A softer summer coming this year?

Wholesalers forecast growing demand for soft drinks and low-alcohol options

• Wholesalers reckon there is a growing demand for artisan soft drinks and lower alcohol alternatives, and advised operators to stock up.
• Wholesalers reckon there is a growing demand for artisan soft drinks and lower alcohol alternatives, and advised operators to stock up.

Wholesalers, the front line drinks suppliers for the majority of the Scottish trade, are advising publicans to be stocked with a wide variety of drinks this summer as customers want more choice than ever before.
With the waves of the lower drink drive limit legislation still rippling through the trade, Dunns managing director, Jim Rowan, noted that consumer behaviour around drinking has changed.
He said he expects homemade and artisan soft drinks to increase in popularity this summer, as consumers begin “moving seamlessly between types, flavours [and] price points” as they choose what they drink.
Bestway Wholesale’s Ron Hickey echoed this view, anticipating “premium” soft drinks to be one of the leading drinks categories in the trade this summer.
Graham Baird, Belhaven sales director, also expects to see a rise in soft drinks sales this summer; demand for low-alcohol options is also expected to increase.

“We are often asked about lower alcohol options and so we expect to see some growth in that area, with our range including low-alcohol beers and also mixed drinks such as Radlers,”

said Baird.
While sales of soft drinks and lower alcohol products could be set to grow, wholesalers have also forecast growing demand for cocktails this summer, with Bestway’s Hickey expecting increased demand for premium spirits “driven by the cocktail boom”.
And gin will continue to be one of the most popular premium spirits in the trade, said wholesalers.
Ian Cumming, commercial director of Inverarity Morton, said there has been a revival in consumer demand for gin.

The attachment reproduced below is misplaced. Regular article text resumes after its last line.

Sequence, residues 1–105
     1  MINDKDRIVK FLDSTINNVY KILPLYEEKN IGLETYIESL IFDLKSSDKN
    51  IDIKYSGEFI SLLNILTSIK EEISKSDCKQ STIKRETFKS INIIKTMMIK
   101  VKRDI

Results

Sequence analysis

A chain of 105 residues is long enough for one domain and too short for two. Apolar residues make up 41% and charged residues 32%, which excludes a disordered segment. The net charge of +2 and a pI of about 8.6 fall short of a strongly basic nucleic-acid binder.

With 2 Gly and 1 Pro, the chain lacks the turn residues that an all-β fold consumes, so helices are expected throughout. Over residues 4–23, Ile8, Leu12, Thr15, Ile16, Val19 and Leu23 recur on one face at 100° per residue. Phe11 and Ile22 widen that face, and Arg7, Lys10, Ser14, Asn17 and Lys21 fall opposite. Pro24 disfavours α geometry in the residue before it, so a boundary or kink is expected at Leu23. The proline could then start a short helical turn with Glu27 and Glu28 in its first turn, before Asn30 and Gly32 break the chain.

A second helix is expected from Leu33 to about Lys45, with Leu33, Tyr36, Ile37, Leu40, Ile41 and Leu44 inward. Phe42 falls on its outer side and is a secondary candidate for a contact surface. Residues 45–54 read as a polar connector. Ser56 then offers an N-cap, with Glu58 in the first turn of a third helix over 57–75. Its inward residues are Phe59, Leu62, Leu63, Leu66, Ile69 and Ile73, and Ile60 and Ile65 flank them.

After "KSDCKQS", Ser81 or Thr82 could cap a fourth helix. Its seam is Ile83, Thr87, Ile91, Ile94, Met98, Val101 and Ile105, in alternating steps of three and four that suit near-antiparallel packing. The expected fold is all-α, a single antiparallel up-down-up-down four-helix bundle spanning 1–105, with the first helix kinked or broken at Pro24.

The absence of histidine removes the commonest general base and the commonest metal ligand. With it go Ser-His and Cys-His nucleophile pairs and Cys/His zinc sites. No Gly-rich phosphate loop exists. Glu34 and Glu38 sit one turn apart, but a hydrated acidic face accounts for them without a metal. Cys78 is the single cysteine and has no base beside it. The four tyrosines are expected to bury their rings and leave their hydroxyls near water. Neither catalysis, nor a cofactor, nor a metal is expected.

“Gin [is] leading the way as the spirit of the moment and perfect-serve G&T’s [are] characterising its resurgence in popularity,” said Cumming.
This fits into a wider trend of consumers taking an interest in the quality and provenance of what they are eating and drinking, said Nicola Henderson, trade marketing manager at Tennent Caledonian Breweries.
“Brands that can demonstrate quality ingredients, history and a regional tie will enjoy success in the on-trade,” said Henderson.
And each of the wholesalers contacted by SLTN was in agreement on the importance of a strong relationship between the licensee and supplier.
Rowan at Dunns advised bar and pub operators to “work more closely” with their wholesaler.
Inverarity Morton’s Ian Cumming agreed, saying operators shouldn’t be afraid to ask questions whenever they need advice.
“The best advice I could give would be to seek advice wherever you need it from your wholesaler and don’t be afraid to ask,” he said. “Most good wholesalers are delighted to have lots of contact with their customers, and to talk about ways to help customers make more money through innovation and ‘premiumisation’.”
A close working relationship can also help to ensure that operators are kept up to speed with all of the latest product launches and developments in the marketplace.
“An important role for our sales and business development teams is to help customers with advice on product trends and launches,” said Hickey, at Bestway.